Logic and Automata Theory
Objectives: Many major hardware (Intel, IBM) and software (Microsoft) companies are now using the technique of Model Checking in practice. Examples of its use include the verification of VLSI circuits, communication protocols, software device drivers, real-time embedded systems, and security algorithms. The works of A. Pnueli, E. Clarke, E.A Emerson and J. Sifakis on algorithmic verification of systems using the Model Checking has been awarded the 1996 and 2007 Turing awards. The basis of this work is the relation of logic with automata theory, which was introduced by the seminal works of Buechi (1960) and Rabin (1969). This course is intended to introduce the student to these techniques, focusing on decision methods for classical non-interpreted logics and integer arithmetic theories.
- Classical first- and second-order logic, finite word and tree automata, closure properties and language emptiness.
- Relationship between Weak Monadic Second-Order Logic and finite automata.
- Infinite automata on words (Buechi, Mueller) and on trees (Rabin) automata, and their relationship with Monadic Second-Order Logic.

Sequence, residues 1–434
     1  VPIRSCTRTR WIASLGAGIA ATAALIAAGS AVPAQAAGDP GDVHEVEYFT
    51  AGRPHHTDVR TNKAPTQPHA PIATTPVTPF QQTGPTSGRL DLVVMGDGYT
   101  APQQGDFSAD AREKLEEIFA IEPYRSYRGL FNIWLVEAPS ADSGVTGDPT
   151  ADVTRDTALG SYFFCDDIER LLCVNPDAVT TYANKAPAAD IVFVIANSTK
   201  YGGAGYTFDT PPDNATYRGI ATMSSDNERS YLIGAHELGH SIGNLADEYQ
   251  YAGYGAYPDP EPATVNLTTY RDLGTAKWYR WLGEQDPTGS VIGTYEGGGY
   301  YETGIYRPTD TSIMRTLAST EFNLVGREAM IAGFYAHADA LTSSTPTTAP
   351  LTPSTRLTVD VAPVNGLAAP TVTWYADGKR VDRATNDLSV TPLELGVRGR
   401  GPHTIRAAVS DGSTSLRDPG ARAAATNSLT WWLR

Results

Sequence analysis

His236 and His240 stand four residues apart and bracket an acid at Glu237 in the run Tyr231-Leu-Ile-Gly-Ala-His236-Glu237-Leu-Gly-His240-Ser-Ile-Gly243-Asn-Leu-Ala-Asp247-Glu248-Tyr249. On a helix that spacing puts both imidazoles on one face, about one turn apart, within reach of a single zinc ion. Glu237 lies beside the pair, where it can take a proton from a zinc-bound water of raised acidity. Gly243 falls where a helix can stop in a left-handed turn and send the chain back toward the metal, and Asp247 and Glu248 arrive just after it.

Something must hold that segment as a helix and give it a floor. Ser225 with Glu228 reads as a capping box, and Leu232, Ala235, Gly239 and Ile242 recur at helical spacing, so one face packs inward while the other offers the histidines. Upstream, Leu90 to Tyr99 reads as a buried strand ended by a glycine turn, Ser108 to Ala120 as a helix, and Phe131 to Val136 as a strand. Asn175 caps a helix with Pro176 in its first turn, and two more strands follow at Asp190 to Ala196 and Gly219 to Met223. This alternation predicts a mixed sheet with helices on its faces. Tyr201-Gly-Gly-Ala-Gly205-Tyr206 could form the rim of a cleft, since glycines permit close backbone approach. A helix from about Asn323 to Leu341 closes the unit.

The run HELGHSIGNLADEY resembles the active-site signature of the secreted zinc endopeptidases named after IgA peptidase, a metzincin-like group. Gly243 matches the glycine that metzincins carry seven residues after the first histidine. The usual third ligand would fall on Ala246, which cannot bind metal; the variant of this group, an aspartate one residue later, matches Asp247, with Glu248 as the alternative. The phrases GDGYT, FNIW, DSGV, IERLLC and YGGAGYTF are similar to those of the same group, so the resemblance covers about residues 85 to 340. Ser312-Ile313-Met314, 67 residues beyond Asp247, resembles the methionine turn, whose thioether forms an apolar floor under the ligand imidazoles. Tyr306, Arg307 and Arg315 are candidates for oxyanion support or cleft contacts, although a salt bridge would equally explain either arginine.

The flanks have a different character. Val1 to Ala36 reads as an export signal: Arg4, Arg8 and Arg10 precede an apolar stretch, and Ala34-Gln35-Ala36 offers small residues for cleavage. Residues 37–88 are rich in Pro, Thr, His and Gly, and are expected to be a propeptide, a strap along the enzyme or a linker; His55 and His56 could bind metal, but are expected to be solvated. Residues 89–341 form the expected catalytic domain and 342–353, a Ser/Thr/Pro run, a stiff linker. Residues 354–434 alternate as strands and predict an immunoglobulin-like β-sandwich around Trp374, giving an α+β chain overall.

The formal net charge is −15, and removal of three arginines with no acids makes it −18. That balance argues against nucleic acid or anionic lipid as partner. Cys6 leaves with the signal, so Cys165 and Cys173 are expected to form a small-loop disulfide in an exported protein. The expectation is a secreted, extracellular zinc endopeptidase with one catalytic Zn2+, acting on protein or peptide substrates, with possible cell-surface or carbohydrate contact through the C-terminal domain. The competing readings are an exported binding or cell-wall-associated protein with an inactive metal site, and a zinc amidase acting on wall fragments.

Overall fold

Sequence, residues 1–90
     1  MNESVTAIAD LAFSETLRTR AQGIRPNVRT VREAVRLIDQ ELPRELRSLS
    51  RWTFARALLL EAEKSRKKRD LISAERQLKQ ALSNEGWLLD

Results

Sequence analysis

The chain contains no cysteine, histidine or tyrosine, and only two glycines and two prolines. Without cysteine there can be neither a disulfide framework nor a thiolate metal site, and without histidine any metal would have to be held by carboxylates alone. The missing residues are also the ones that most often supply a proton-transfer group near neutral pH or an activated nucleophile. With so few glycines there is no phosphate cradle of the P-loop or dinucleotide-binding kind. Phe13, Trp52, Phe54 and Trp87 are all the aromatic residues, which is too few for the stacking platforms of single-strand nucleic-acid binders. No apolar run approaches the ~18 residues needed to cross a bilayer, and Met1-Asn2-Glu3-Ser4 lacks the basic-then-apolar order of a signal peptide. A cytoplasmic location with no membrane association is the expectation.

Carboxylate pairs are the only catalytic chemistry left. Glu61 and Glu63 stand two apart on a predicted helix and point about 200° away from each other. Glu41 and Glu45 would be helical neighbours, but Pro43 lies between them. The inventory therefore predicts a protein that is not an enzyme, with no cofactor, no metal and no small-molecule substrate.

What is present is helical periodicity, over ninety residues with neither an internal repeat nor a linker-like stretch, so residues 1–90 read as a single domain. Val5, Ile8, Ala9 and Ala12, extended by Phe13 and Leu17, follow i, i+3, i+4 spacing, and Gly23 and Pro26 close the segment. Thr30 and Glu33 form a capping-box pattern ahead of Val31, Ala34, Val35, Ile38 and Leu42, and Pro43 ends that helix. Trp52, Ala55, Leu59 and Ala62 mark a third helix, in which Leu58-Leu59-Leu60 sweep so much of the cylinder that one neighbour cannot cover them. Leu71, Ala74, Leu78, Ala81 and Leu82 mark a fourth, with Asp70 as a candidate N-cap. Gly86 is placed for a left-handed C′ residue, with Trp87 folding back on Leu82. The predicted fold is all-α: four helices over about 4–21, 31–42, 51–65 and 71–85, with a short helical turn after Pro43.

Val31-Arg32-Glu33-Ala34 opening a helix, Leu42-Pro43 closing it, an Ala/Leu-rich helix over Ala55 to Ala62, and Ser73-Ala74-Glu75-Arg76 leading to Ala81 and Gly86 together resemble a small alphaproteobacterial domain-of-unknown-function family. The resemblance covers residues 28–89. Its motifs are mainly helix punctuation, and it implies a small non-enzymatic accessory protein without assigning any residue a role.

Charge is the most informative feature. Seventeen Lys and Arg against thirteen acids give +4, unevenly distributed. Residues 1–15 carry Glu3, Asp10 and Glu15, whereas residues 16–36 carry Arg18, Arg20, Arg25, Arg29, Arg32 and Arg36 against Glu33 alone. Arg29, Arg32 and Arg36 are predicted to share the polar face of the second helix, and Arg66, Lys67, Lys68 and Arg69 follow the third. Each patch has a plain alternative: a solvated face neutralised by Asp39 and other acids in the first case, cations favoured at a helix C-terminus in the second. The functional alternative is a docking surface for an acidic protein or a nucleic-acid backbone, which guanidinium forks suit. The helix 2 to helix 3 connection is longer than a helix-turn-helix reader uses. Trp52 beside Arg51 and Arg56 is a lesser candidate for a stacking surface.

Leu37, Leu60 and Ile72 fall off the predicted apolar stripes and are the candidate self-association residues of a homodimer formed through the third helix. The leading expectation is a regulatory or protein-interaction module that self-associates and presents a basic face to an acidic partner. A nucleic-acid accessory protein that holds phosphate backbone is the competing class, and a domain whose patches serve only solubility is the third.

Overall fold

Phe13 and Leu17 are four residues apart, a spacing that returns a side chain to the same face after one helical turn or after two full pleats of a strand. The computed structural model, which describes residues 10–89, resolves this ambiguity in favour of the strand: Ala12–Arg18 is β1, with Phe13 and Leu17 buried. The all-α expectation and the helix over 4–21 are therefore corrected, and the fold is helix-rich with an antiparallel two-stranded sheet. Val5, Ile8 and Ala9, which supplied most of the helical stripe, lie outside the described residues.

- Game theory. Proof of Rabin's Complementation Theorem. Application of game theory to logic.
Prerequisites: basic notions of boolean logic
Level: PhD and Master 2
Schedule: Mondays between 10h00 and 13h00
- Oct 08: Introduction, First and Second Order Logics
- Oct 15: Automata on Finite Words
- Oct 22: Automata on Infinite Words
- Oct 29: McNaughton's Theorem, Linear Temporal Logic
- Nov 05: Automata on Finite Trees
- Nov 12: Automata on Infinite Trees
- Nov 26: Game Theory Motivation, Terminology, Reachability and Buchi games
- Dec 3: Parity games Games and Tree Automata
Location: IMAG building, Room: 206
- send email to Radu.Iosif@univ-grenoble-alpes.fr indicating your name and year of Phd/Master program
- for PhD students, indicate also your host laboratory and name of your PhD advisor